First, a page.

U.S. Must Act Now to Maintain Military Technological Advantage, Vice Chairman Says
Air Force Gen. Paul J. Selva said DoD is working on technologies to keep the U.S. military superior to the Chinese and stressed the need to safeguard critical technologies. He took part in a panel discussion at the Center for a New American Security’s annual conference this morning.
China has announced goals to have technological parity with the United States in the early 2020s and surpass America in the next decade, the general said. This could happen, Selva said, but it presumes the United States won’t react to the challenge.
China and Russia are doing their best to offset American capabilities in the Western Pacific and in Europe, he said. In both cases and areas, the United States must protect the nation’s greatest military advantage: the ability “to project American power when and where it is in our national interests,” Selva said.
Preventative Power Projection
If the American military fails at projecting power into situations where interests are threatened, then it fails the American people, the general said.
“This is not about trying to counter an anti-access, area denial strategy — that’s admitting defeat up front and saying we have to go back and fix something we broke,” he said.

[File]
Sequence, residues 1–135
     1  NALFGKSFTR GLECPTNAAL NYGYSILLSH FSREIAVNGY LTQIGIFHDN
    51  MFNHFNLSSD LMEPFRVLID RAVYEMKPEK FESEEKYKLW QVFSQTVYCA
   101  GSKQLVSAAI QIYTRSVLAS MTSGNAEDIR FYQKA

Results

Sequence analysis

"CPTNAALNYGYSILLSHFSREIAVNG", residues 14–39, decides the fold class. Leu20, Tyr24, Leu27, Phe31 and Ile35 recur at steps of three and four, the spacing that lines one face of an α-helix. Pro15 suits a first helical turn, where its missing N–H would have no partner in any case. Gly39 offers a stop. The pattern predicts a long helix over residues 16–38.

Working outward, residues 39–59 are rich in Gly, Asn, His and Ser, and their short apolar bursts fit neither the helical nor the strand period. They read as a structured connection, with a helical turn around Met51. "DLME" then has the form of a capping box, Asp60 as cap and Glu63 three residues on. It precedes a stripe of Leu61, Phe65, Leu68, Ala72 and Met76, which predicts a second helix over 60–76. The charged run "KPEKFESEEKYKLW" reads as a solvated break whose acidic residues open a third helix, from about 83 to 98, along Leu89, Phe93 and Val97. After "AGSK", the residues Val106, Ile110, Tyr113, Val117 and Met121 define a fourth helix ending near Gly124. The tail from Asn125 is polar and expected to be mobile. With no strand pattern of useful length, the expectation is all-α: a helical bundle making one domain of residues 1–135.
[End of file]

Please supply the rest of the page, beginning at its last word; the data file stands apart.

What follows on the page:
Selva proposed an alternate approach of analyzing what the opponent is trying to do, and “make this a competition, not a conflict, and checkmate them or prevent them from getting so much an advantage that they can prevent you from doing the things that are in your national interests.”
This is spelled out in the National Security Strategy and National Defense Strategy, he said. “If we sit back and don’t react, we will lose our technological superiority in 2020, the Chinese are right,” the general said. “But we should be a player in this game, not an observer.”
The United States is doing significant research and development in a number of key technologies, including: long-range strike capability, artificial intelligence and hypersonics, he said.
“We are way ahead in the sensor and sensor-integration technologies,” Selva said.
This last is important as the United States must protect technologies like this to maintain its advantage, the general said.
“[We] have to protect what we have, because the Chinese, if they can’t learn about it, they will try to buy it; and if they can’t learn about it or buy it, they will steal it,” he said. “We know they are active in all three domains — learning, buying or stealing — so we have to be careful to defend the technologies that are important to us, while we continue to develop additional capabilities.”
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